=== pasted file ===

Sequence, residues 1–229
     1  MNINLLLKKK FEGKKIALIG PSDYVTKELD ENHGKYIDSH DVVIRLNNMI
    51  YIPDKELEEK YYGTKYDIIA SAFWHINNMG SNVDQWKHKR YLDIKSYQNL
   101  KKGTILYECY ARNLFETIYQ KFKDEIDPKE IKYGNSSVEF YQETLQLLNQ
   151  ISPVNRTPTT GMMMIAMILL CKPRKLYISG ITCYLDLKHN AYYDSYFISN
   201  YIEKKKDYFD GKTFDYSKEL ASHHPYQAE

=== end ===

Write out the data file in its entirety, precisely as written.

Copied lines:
Sequence, residues 1–229
     1  MNINLLLKKK FEGKKIALIG PSDYVTKELD ENHGKYIDSH DVVIRLNNMI
    51  YIPDKELEEK YYGTKYDIIA SAFWHINNMG SNVDQWKHKR YLDIKSYQNL
   101  KKGTILYECY ARNLFETIYQ KFKDEIDPKE IKYGNSSVEF YQETLQLLNQ
   151  ISPVNRTPTT GMMMIAMILL CKPRKLYISG ITCYLDLKHN AYYDSYFISN
   201  YIEKKKDYFD GKTFDYSKEL ASHHPYQAE